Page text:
OXLEY – THE NEXT SIXTY YEARS
By Julian Nettlefold
27 Jun 08. Oxley Developments is a unique and remarkable Company; it first caught my eye when I worked for Defence Magazine in the eighties. It took a small segment in our annual Defence diary outlining its capabilities, which, even then appeared to be technically ahead of the opposition. Since then, again uniquely for a small to medium electronics Company, Oxley has survived the technology shocks on world stock markets and competition from much larger and better funded Plcs. Thus, when I started BATTLESPACE in 1998, I chose Oxley to be the first Company we featured in our Company Overview section. That visit in 1998 turned into a relationship between Oxley and BATTLESPACE which endures to this day. Thus, in our tenth year and the sixty sixth for Oxley, we visited in May for another look. Remarkably, very little has changed outwardly, but within, Oxley appears to have been able to successfully focus on developing some of their core technologies in order to expand into new markets and applications for defence systems.
The one recent black spot was the sudden and unexpected death of Dr Geoff Edwards in March who steered the Company as Managing Director for 15 years having joined Oxley as a Technical Manager in 1972. His successor, Peter Cotterill has grasped the nettle of change and as we will see from this feature, Oxley is well placed to meet the challenges of the next sixty years.
Another key figure, is Freddie Oxley’s widow Ann Oxley, now Life President of Oxley Group Ltd, who, after Freddie Oxley died in 1988 decided to take over the management of the Company and has staunchly steered Oxley from that day on, to the international company it is today. This includes a strong U.S. presence with Oxley Inc. established in 1976, operations in Australia and various technology partnerships around the world.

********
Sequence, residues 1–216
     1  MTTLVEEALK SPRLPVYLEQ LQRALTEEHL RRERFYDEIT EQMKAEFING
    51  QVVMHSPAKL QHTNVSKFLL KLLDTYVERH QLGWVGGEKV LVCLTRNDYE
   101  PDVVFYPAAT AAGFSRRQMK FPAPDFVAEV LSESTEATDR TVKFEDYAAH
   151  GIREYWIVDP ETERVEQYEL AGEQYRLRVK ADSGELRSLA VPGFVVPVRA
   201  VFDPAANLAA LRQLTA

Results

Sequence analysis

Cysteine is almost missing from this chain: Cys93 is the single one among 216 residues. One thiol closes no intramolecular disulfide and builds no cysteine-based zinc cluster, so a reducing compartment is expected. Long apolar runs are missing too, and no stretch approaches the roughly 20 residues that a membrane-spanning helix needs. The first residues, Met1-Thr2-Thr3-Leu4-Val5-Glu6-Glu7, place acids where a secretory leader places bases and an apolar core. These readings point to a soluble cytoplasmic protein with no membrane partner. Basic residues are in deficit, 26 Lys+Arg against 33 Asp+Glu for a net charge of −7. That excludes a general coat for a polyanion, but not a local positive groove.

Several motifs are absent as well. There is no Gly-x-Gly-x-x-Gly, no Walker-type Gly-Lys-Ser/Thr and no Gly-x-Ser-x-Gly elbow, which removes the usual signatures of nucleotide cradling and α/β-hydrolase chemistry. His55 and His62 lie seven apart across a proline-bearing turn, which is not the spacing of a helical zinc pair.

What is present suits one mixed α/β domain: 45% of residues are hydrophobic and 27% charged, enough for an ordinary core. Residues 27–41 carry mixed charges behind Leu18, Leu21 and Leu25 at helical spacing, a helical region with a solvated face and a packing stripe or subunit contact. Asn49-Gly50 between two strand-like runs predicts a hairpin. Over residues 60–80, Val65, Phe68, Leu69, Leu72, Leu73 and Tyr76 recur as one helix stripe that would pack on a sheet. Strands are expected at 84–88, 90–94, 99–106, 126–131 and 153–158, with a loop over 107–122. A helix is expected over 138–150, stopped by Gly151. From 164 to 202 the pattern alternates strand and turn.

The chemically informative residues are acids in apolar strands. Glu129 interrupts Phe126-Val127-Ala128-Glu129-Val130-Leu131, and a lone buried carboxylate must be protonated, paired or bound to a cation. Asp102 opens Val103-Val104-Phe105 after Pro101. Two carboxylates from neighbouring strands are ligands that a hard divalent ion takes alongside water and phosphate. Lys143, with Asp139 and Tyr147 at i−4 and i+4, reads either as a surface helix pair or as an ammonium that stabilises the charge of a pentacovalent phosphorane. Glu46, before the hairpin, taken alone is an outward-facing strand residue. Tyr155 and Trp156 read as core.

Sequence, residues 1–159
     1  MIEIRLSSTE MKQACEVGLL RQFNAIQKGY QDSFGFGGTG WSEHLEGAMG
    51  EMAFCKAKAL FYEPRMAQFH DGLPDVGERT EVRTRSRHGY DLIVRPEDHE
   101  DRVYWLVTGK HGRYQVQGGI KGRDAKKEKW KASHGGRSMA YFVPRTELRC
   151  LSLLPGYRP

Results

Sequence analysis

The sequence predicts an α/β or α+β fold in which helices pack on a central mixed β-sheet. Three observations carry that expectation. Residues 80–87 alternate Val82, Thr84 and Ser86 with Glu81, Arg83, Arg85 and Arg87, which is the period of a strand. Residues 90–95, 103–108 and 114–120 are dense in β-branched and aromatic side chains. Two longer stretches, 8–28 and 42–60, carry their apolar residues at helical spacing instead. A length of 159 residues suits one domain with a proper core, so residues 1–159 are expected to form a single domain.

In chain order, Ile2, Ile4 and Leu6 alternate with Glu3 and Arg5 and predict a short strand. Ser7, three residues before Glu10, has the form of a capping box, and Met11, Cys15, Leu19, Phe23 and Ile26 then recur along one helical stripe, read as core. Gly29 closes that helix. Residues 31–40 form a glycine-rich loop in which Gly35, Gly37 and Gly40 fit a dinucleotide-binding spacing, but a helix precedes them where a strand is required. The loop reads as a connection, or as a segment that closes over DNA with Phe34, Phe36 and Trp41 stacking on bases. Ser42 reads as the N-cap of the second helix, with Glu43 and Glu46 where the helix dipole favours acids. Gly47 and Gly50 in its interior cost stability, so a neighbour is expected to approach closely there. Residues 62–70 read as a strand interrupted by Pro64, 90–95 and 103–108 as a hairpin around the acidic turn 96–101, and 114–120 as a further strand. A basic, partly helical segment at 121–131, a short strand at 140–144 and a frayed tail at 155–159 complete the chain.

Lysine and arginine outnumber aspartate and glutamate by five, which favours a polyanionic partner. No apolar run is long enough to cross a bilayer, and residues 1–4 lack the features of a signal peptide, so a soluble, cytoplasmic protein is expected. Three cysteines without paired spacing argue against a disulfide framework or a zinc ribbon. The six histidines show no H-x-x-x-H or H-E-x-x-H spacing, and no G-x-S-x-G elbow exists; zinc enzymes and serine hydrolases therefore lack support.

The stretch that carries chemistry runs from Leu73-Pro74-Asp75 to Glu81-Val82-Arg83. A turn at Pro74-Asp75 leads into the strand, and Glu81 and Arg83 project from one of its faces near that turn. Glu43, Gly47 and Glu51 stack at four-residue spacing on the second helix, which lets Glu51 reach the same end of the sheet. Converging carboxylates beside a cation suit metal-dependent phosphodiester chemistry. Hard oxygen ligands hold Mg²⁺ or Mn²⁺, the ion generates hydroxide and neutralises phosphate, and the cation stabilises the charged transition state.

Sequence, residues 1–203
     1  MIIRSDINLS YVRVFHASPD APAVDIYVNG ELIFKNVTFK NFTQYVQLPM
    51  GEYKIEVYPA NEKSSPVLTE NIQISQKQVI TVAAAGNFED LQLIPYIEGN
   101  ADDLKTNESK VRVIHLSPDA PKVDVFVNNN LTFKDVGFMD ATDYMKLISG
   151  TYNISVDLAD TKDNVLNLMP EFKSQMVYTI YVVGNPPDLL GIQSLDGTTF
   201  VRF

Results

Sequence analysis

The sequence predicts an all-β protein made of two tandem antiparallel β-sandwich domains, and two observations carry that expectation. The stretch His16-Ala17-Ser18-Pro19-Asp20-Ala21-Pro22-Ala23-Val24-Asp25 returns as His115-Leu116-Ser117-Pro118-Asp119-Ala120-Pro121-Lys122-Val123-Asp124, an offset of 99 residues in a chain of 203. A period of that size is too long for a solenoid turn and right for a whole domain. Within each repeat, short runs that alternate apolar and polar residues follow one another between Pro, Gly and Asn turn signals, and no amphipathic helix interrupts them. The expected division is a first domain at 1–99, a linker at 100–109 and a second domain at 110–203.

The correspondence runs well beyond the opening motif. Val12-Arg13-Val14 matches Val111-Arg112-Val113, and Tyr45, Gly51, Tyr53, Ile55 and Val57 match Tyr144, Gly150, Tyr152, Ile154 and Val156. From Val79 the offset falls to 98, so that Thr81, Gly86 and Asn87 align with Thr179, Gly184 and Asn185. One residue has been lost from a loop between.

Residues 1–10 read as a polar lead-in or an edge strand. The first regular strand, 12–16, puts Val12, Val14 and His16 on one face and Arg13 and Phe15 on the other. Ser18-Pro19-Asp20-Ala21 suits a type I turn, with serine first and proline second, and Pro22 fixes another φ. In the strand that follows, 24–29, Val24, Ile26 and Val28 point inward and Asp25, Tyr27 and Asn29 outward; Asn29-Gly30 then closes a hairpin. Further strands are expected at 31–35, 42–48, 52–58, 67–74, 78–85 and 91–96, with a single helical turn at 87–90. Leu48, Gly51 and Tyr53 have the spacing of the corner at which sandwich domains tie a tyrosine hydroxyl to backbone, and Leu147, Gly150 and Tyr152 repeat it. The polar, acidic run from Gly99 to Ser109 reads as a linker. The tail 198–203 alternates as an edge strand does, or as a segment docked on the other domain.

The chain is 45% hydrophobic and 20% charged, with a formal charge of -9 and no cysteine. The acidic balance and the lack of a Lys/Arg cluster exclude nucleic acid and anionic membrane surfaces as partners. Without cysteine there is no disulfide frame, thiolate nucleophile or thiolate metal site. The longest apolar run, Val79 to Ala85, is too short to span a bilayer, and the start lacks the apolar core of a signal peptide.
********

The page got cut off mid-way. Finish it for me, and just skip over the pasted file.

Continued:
History of Oxley
It is worth looking at the history of Oxley to understand the uniqueness of the Company, its technology and its employees.
Oxley Developments was founded by Freddie Oxley (1909-1988) in 1939, who was, in his own words, ‘…a physicist by training; an engineer and inventor by vocation and a businessman by necessity’. He was born on August 16th 1909 in Antwerp, of English parents, related to the family of Florence Nightingale. It was the gift of a pocket torch by his German uncle which sparked his interest in things electrical. He published his first article aged 16 in the French wireless magazine L’Antenne. After his first real job with Celestion in Paris, he accepted a tempting offer from the Telegraph Condenser Company (TCC) in London where he rose to become Export Manager, speaking five languages fluently by his early twenties.
When World War II broke out, Freddie Oxley started his own company designing and manufacturing components for the communications industry. At the time of the German offensive in May 1940, he was instructed by the Ministry of Aircraft Production to arrange the supply of essential capacitors for the war effort. He located a supplier in Paris who had a stock of German-made ceramic capacitor parts used in the British radar network. Just before the fall of Paris in 1940, he was sent there by the Ministry on a special mission from Hendon, paid cash for the complete stock and carried it back to England, thus ensuring the supply of vital components for the British radar and military communications systems.
His London workshop and office were razed during the 1940 Blitz, and, as his work was of vital national importance, the Ministry of Aircraft Production instructed him to move to an area safe from German bombs. So he arrived in Ulverston in the Lake District where he established a factory in the Market Place – the building still stands today.
In the early fifties, having outgrown this premises, the Company moved to its current location at Priory Park, where he established a complete in-house capability for making c